Sunday, August 31, 2014

Today's Editorial 30 August 2014

     Mitigating FTA challenges

Source: By Biswajit Dhar: The Financial Express
This year, India completes a decade of intensive engagement with its economic partners through the bilateral Free Trade Agreements (FTAs). The commencement of the negotiations with the 10-member Association of South East Asian Nations (ASEAN) in 2004 for an FTA covering the goods sector was a significant step for the country’s engagement with the global economy. The Agreement marked a departure from India’s erstwhile position regarding bilateral/regional agreements. Until its engagement with the ASEAN in 2003, India was almost unequivocally wedded to the multilateral trading system. The only aberrations came in the form of the bilateral deals with immediate neighbours in the South Asian region. India’s preference for the multilateral trading system was aptly reflected in a discussion paper on regional trading arrangements (RTAs) that it had tabled in the early days of the Doha negotiations. In this paper, India argued that “the multilateral framework for international trade under the WTO-rule-based system needs to be strengthened by addressing issues of concern emerging on account of formation of such a large number of RTAs, including their impact on development”. These views regarding RTAs, clearly those of an outlier, changed quite dramatically with India’s engagement with the ASEAN.

The India-ASEAN FTA is also significant because it has emerged as the corner-stone of India’s “look east” policy. The FTA was conceived as a part of the 2003 Framework Agreement on Comprehensive Economic Cooperation between India and the ASEAN. This Framework Agreement set out the roadmap for deepening economic cooperation between the two sides through the establishment of an India-ASEAN Regional Trade and Investment Area (RTIA). The RTIA was to be realised through progressive elimination of tariff- and non-tariff barriers in almost all trade in goods and by progressive liberalisation of trade in services with substantial sectoral coverage. At the same time, the partners agreed to establish a liberal and competitive investment regime that facilitates and promotes investment within the India-ASEAN RTIA. The negotiations were initiated with rather ambitious targets: the deal on trade in goods was scheduled to conclude by June 2005, while the negotiations on services and investment, which were to be initiated immediately after the conclusion of the agreement on goods, were to be concluded by 2007. The negotiations went well beyond these timelines: the goods agreement became operational only in 2010 and although the negotiations on services and investment agreements were concluded at the end of 2012, they are yet to be implemented.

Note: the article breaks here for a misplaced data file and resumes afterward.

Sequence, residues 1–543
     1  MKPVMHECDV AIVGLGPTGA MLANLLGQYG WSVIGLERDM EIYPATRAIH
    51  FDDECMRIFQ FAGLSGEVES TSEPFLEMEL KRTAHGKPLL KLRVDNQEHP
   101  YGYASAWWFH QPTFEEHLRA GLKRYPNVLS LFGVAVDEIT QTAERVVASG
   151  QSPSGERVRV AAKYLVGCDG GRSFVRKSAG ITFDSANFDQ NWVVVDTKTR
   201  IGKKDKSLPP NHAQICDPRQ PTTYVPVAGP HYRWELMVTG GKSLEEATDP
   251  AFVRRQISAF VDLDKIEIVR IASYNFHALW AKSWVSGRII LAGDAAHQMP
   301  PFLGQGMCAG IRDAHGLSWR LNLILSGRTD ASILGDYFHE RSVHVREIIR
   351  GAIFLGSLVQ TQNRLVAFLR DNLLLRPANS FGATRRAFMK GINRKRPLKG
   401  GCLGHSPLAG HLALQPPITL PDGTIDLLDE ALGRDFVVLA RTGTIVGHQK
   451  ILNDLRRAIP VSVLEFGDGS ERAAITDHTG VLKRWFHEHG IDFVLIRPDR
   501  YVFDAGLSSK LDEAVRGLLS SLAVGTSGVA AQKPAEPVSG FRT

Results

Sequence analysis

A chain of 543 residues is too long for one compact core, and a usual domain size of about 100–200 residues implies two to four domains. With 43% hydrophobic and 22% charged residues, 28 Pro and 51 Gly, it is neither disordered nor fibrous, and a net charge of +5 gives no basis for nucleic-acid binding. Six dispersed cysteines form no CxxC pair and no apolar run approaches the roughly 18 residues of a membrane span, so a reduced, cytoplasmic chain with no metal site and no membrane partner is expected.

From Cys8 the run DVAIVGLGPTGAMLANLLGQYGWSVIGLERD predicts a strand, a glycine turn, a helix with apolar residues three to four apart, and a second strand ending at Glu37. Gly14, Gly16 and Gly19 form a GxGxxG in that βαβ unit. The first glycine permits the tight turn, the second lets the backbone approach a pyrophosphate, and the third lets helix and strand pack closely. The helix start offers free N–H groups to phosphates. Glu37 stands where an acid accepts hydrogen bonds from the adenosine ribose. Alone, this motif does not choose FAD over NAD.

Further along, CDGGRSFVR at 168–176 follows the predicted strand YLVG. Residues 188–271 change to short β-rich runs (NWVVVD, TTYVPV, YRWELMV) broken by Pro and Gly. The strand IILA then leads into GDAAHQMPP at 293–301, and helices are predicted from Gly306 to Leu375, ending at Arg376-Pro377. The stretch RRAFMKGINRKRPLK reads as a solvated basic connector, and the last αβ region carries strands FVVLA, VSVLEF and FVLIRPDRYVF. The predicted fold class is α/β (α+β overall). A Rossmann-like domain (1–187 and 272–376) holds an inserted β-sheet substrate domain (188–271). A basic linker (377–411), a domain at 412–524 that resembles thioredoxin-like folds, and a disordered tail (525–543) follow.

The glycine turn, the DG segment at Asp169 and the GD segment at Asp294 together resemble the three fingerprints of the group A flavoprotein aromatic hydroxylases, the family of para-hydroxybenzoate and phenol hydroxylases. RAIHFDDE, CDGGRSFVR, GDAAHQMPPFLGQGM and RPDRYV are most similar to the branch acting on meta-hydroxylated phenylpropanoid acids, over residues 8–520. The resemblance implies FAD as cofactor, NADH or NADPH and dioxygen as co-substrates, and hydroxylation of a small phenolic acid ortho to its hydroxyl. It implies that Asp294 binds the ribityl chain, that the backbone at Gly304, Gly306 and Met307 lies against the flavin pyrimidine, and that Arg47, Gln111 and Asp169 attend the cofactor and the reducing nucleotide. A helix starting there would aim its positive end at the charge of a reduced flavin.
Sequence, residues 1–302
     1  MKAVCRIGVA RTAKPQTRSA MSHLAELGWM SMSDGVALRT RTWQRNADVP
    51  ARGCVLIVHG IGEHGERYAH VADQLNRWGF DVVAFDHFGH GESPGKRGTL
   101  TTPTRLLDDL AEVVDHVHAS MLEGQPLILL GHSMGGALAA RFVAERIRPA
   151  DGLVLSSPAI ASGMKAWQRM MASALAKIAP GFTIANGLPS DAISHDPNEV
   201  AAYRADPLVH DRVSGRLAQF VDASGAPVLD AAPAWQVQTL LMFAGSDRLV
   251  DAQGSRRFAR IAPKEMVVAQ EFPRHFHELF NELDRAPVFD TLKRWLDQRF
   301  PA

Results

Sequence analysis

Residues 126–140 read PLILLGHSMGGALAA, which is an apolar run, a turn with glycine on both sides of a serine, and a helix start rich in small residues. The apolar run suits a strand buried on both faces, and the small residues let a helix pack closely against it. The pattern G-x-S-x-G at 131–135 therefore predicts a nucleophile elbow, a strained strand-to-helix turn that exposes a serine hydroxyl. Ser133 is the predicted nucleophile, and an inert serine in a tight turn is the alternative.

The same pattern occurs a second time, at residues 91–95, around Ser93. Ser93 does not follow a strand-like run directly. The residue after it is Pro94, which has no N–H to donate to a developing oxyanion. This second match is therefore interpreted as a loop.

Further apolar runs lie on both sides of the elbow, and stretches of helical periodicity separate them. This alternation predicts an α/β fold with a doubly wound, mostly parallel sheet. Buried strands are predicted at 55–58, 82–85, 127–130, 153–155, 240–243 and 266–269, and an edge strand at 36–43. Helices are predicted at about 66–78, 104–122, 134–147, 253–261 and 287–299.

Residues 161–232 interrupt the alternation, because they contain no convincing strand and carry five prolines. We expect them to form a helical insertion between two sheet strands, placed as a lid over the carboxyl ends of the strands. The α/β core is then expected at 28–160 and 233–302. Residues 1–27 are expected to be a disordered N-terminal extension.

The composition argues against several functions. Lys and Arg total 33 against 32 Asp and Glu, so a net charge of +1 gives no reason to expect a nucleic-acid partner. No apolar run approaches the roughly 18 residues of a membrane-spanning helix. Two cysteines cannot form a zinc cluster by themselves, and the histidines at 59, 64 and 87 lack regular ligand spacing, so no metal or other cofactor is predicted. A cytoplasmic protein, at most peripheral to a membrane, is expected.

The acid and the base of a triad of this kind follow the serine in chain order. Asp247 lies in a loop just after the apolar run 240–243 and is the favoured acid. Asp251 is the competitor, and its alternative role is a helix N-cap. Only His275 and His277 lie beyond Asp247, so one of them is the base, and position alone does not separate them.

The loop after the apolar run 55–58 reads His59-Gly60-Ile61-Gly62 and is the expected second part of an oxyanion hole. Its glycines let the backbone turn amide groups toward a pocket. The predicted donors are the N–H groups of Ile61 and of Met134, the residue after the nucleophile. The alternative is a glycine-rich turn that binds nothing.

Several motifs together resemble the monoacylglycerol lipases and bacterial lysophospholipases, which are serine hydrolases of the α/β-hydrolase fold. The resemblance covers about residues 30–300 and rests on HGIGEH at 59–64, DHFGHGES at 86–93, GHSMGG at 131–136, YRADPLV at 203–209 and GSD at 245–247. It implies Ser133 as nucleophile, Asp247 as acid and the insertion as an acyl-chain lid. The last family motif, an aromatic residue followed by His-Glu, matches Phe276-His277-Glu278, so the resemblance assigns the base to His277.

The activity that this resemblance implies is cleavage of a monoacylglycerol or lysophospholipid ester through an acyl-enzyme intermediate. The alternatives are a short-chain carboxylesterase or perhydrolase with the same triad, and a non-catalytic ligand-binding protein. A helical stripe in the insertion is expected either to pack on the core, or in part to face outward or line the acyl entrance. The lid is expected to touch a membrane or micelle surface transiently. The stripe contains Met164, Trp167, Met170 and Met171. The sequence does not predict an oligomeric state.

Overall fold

India’s bilateral/regional economic engagement has undergone a complete transformation since then. It is now one of the most active countries in terms of the engagement with partner countries for comprehensive economic partnership agreements (CEPAs), which have replaced the FTAs. Thus far, CEPAs have been concluded with Singapore, Malaysia, Japan and Korea. Several significant ones —including ones with the European Union (EU), Australia, New Zealand, Canada and Indonesia—are in the pipeline.

Perhaps the most significant agreement that India is currently negotiating is the Regional Comprehensive Partnership Agreement (RCEP). The RCEP will be a mega regional agreement that includes the ASEAN members, India, Australia, New Zealand and the three North Asian countries (China, Japan and Korea). In 2013, RCEP members accounted for nearly a third of the global merchandise trade and a fourth of the global trade in commercial services.